As the tumult of battle subsided, new sounds filled the air; the cries and moans of wounded soldiers. Two days of fighting around Salem Church left about 4,000 men killed or wounded. As soon as the battle ended, Confederate surgeons turned the building into a field hospital. Their work saved hundreds of lives.
Still, 92 Union soldiers and an unknown number of Confederates died at the church and were buried just outside its doors. For several days, surgeons worked tirelessly inside the church, bandaging wounds, administering anesthesia, and removing injured arms, legs, hands, and feet. The human suffering was immense.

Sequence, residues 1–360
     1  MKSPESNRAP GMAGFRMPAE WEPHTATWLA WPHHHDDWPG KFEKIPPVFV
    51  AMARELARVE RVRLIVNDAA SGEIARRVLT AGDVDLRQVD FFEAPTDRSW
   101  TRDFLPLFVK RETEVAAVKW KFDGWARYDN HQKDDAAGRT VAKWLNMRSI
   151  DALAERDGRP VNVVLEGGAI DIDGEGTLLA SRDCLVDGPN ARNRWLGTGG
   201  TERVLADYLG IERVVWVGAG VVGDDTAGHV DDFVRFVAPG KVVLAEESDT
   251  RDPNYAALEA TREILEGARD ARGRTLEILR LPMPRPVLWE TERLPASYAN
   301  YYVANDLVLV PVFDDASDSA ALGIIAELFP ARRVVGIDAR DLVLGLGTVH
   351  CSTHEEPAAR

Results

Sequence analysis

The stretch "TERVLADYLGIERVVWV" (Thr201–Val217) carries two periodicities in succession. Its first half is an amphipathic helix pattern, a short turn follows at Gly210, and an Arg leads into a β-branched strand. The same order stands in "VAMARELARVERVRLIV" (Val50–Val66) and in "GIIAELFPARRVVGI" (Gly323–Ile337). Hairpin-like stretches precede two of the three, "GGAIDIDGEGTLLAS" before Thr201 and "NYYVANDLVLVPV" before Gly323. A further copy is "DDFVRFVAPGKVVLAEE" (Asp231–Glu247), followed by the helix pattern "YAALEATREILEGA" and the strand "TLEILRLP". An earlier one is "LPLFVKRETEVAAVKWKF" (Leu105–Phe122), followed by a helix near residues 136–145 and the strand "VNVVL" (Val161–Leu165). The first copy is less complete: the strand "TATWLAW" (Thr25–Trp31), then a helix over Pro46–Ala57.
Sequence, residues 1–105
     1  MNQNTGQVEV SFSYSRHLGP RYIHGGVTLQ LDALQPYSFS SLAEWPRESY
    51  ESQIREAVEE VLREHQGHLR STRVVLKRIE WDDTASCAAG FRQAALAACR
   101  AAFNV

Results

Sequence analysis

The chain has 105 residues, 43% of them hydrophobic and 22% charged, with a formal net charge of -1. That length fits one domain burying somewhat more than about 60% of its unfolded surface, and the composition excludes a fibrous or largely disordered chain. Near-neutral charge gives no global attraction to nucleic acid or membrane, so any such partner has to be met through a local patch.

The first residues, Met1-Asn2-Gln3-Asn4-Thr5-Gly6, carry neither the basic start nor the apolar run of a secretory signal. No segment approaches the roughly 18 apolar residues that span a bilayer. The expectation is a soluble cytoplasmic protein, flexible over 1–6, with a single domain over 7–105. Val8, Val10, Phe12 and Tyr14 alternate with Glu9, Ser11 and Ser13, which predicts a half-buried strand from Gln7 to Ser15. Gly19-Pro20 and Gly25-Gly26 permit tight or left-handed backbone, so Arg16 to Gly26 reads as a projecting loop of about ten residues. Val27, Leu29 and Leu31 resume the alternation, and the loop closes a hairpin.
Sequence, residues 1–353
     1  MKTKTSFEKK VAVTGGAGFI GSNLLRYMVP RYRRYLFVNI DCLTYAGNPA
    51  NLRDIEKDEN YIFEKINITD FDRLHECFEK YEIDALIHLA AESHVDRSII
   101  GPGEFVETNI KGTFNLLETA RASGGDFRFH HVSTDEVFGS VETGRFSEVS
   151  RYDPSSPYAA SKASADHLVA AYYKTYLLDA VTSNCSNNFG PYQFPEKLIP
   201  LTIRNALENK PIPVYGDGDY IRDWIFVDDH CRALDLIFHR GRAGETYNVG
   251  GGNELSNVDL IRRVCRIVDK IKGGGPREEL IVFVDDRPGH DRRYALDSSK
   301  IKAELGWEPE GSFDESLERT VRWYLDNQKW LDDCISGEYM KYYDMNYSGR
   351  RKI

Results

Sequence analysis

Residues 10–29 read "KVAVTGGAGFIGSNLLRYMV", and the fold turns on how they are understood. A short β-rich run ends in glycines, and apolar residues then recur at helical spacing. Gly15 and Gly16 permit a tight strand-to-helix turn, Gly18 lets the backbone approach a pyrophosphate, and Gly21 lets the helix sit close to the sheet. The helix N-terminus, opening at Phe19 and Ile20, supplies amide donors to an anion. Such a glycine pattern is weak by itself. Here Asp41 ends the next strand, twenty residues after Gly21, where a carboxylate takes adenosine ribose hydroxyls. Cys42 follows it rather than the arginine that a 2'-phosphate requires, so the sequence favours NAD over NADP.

The sight inside the building for horror, was, perhaps, never equaled within so limited a space. Every available foot of space was crowded with wounded and bleeding soldiers. The amputated limbs were piled up in every corner almost as high as a man could reach; blood flowed in streams along the aisles and out at the doors?.
Colonel Robert McMillan, 24th Georgia
(Caption, upper right picture): One of the Confederate surgeons working at Salem Church was George R. C. Todd, brother of May Todd Lincoln and brother-in-law of President Abraham Lincoln.